The Environmental Protection Agency released its ethanol mandates in late May. Those mandates cut billions of gallons from what original 2014 through 2016 mandates promised and contributed to a surge of public comments from a wide variety of stakeholders. Read five of those comments here.
As news of a possible Monsanto-Syngenta merger keeps rolling out, multiple media outlets are reporting that two noteworthy figures have gotten involved with the process. Billionaire investor John Paulson of Paulson & Co. has took on a large number of shares in the Swiss chemical company Syngenta, according to reports from Bloomberg Business. The moves could signal support of a takeover.
A bill that would prohibit state-level legislation on GMO labeling took a step forward in the U.S. House of Representatives on Tuesday. Known as the Safe and Accurate Food Labeling Act of 2015, the bill seeks to create overarching federal legislation that only makes labeling optional. The bill was originally introduced in March by republican Rep. Mike Pompeo of Kansas.
Hundreds of farmers and industry advocates used a Kansas hearing in late June to rally against recent cuts in ethanol mandates. The Environmental Protection Agency proposed to cut billions of gallons from renewable fuel mandates for 2014 through 2016. Corn ethanol cuts alone total nearly 4 billion gallons.
Monsanto is still gunning to acquire Syngenta even though the Swiss chemical company rejected the most recent $45 billion takeover offer. St. Louis-based Monsanto has been considering proposals to buy Syngenta since 2011. Officials from Syngenta feel the proposals undervalue their company’s worth.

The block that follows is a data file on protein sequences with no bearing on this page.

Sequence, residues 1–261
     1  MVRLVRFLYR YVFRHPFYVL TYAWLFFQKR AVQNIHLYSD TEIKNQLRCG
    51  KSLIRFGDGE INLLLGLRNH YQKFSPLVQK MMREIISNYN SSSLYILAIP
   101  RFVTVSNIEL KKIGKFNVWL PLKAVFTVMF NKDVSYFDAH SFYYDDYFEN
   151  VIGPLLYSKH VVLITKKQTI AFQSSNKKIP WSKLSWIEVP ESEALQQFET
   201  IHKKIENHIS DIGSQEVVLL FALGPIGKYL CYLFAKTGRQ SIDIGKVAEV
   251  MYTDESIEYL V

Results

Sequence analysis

Monsanto is predominately in the seed business, but the St. Louis-based company has dabbled in the data business, as well. Its Climate Corporation allows farmers to use cell phones and laptops to analyze hyper-local weather data and monitor weather trends. Farmers say the improved data service has helped become more efficient in a changing climate.
Climate change will likely cause billions of dollars in damages to the agriculture industry, according to government reports. Yet, while agriculture is a climate change victim, it is also a culprit. Agriculture production sends large amount of nitrous oxide and methane into the atmosphere, two potent greenhouse gases.
Two decades ago, less than 10 percent of corn and soybean acres were planted with genetically engineered seeds. Last year, nearly every single acre of corn and soybean was planted with GMOs. U.S. Department of Agriculture data shows St. Louis-based seed company Monsanto has propelled that rapid increase.
Highlights from the Midwest Center for Investigative Reporting's package on GMOs and climate change. In the last 20 years, U.S. farmers have widely turned to genetically engineered seeds to help counter more prevalent pests and other climate change consequences. U.S. Department of Agriculture data on genetically engineered crops shows which companies have fueled that trend.